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PostPosted: Sun Feb 12, 2017 6:10 pm 
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zeroone wrote:
Byte 7 is still required to do the NES 2.0 check; so, it's not a flawless strategy
Kevtris specifically chose the signature he did for NES2.0 because it doesn't collide with any known dirty headers.


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PostPosted: Sun Feb 12, 2017 7:00 pm 
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Dwedit wrote:
Here we have 'd' (0x64) as header byte 0x07. This would add 0x60 to the mapper number, and put the "NES 2.0" flag at 01, which is invalid. (only 10 and 00 are valid)
The header from byte 0x07 on is obviously invalid, so replace it with zeroes, and clamp the mapper number to 0-15.

Even if the NES 2.0 flag was set to 10, there are other quick rejection tests. If PC10 and VS are set at the same time, that's invalid. If there's anything in the last two bytes (0x0E or 0x0F), you can reject all header bytes from 0x07 on as well.


According to the wiki:

Code:
If equal to 2, flags 8-15 are in NES 2.0 format


It does not explicitly say that 0 indicates iNES; rather, it suggests that anything other than 2 is iNES. But, I can add a check for 2 or 0.

I also like the PC10-VS coincidence test.


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PostPosted: Sun Feb 12, 2017 7:10 pm 
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zeroone wrote:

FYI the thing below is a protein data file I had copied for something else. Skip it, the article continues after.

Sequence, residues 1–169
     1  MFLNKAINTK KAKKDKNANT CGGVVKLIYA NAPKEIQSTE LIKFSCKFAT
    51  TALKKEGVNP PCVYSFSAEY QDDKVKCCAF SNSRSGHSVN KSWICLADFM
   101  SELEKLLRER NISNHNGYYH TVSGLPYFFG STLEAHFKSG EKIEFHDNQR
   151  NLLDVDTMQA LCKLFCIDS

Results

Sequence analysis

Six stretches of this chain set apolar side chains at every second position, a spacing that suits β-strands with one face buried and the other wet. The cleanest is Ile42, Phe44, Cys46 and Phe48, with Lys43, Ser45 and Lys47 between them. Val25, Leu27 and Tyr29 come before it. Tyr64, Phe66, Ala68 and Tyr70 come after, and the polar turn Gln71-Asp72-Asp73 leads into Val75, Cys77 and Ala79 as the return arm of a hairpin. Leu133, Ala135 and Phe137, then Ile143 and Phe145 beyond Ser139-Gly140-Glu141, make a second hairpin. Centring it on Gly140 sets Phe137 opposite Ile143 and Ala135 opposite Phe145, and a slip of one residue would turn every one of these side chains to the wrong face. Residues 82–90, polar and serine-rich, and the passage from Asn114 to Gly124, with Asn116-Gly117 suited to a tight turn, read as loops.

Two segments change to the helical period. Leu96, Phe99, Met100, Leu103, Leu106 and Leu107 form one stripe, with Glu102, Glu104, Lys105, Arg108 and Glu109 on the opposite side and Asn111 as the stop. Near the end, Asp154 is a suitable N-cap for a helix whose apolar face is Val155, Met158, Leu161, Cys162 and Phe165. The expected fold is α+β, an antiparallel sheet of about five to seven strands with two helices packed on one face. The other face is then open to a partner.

It does not explicitly say that 0 indicates iNES; rather, it suggests that anything other than 2 is iNES. But, I can add a check for 2 or 0.
byte7&$C == 0 is not sufficient; I've certainly found other headers with bad contents in the 8th and later bytes.


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PostPosted: Sun Feb 12, 2017 7:28 pm 
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lidnariq wrote:
byte7&$C == 0 is not sufficient; I've certainly found other headers with bad contents in the 8th and later bytes.


I meant to do that test in addition to the others. Something like this:

Code:
    nes20Format = (header[7] & 0x0C) == 0x08 && (header[7] & 0x03) != 0x03;
   
    if (!nes20Format) {
      if ((header[7] & 0x0C) != 0x00 || (header[7] & 0x03) == 0x03) {
        header[7] = header[8] = header[9] = 0x00;
      } else {
        for(int i = 10; i < 16; i++) {
          if (header[i] != 0x00) {
            header[7] = header[8] = header[9] = 0x00;
            break;
          }
        }
      }
    }


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PostPosted: Sun Feb 12, 2017 8:18 pm 
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zeroone wrote:
According to the wiki:

Code:
If equal to 2, flags 8-15 are in NES 2.0 format


It does not explicitly say that 0 indicates iNES; rather, it suggests that anything other than 2 is iNES. But, I can add a check for 2 or 0.

I seem to recall an older document stating that 00 meant "iNES", 10 meant "NES 2.0", 01 meant "DiskDude! corrupted header" (and apparently also "demiforce"), and 11 meant "reserved for future expansion" - it's possible that was lost during the transition to the wiki, or maybe it was just a discussion on IRC from over 10 years ago.